Clause 7 is purely interpretive. Clause 8 and the Fourth Schedule extend to an intestacy the provisions of the Inheritance (Family Provision) Act, 1938. Your Lordships will remember that that Act enables certain dependants to go to the court and ask for relief when a testator has not made a reasonable provision for them in his will. It is a very narrow and confined Act. It is restricted to a small class of people. The conditions in which applications can be made are strict. The Act came in for a good deal of criti- cism in 1937 and 1938 when it was before the House as a Private Member's Bill. Indeed, I believe certain of the Chancery Judges pointed out several serious flaws in it but, thanks to the Lord Chancellor of the day the noble Lord, Lord Maugham (whom I am happy to see in his place this afternoon) the Cabinet were prevailed upon to accept what was admittedly an imperfect Bill but was, socially and politically, a desirable Bill.

I speak from some slight personal experience and I think it is a good Act. I believe it has relieved much hardship. Over 2,000 cases have been before the courts since 1938 and I should have thought that that was proof enough that there was need for some such Act as the 1938 Act. Flaws there have been, and judges have pointed out many discrepancies and many anomalies, but we feel that it is a sufficiently useful Act to extend it to the provisions of the Intestates' Estates Bill. We therefore provide in this clause that, where hardship is thought to have been occasioned, application may, in roughly similar circumstances, be made to the court. We also take the opportunity to correct various minor ambiguities in the 1938 Act and make certain small amendments to it.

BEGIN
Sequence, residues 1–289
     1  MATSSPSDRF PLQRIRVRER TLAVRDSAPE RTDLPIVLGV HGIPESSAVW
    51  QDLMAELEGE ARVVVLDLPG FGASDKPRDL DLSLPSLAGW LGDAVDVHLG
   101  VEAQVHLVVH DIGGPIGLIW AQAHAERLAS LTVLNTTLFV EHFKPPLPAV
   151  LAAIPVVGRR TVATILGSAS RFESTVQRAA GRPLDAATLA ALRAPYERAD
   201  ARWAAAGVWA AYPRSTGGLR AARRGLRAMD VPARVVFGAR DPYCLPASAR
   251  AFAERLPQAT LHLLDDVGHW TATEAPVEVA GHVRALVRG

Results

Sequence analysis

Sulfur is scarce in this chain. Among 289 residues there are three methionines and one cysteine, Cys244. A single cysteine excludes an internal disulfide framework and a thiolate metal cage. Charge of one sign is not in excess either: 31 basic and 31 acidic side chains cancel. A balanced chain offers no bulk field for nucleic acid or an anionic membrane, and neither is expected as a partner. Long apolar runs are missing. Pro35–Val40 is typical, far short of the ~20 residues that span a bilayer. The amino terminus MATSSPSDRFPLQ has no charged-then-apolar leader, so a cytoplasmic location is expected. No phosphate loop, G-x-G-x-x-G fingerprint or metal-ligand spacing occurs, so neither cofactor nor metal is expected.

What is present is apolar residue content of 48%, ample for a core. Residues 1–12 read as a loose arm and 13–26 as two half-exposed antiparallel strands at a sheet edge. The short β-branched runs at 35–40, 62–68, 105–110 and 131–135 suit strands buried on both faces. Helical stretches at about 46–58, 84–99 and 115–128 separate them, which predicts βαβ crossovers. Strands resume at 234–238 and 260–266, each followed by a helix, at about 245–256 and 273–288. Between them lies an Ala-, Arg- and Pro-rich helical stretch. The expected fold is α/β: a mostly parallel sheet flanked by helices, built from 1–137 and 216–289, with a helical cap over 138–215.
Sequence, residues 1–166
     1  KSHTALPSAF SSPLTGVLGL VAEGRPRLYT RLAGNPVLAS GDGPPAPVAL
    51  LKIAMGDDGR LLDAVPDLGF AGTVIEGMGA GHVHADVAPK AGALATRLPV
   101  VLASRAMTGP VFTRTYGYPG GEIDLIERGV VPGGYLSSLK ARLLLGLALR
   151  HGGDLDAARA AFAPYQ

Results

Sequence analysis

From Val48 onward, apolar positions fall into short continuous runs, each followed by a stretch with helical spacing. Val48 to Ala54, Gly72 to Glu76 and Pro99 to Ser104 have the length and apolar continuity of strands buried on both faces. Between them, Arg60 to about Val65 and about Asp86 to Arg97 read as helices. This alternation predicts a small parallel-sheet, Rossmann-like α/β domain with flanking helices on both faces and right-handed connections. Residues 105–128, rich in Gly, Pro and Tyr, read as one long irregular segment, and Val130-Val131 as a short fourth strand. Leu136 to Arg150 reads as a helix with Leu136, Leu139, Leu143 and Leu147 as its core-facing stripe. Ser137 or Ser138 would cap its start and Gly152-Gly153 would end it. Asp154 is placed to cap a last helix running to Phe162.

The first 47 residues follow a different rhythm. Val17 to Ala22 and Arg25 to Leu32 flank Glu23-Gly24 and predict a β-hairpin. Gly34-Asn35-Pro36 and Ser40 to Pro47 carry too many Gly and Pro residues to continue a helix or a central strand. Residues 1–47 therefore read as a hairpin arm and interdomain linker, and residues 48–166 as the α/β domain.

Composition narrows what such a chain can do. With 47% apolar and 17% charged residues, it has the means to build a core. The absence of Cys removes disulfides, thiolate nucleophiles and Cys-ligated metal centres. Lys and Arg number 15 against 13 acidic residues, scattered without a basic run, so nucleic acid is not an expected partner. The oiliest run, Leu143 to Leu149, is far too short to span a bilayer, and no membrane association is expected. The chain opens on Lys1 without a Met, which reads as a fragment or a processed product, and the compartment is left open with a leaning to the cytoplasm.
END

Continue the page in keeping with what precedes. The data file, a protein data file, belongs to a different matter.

Clause 9 is the 1938 Act, as amended by my Bill. Clause 10 is the short title and the date. The date at which this Bill is designed to come into operation is January 1 next year. That date was chosen when we hoped that this Bill would receive the Royal Assent by the end of July, but at the moment that is clearly not possible. I am wondering whether your Lordships may not consider it necessary to postpone the operation of this Act. That is for consideration, perhaps, at a later date.

I apologise for having omitted a large number of details. I have entirely ignored the vexed question of relatives of the half-blood. I have made no mention of the fact, so far, that this Bill does not apply to Scotland; it applies only to England and Wales. I know little enough about English law and even less about Scottish law, but I am told (and I see the noble Lord, Lord Saltoun, straining at the leash, or whatever it is that Scottish Peers do when they wish to have a crack at English Peers) that English law is twenty-five years in advance of Scottish law in this matter and superior in all respects. This Bill has had the great assistance of the draftsmen and I believe it is now in a tolerably workmanlike condition. I think it will do good. I believe it will fulfil a much needed public want, and I think it is uncontroversial. I believe it has the support of Her Majesty's Government and I very much hope that I have said enough to ensure that it has the support also of your Lordships' House. I beg to move.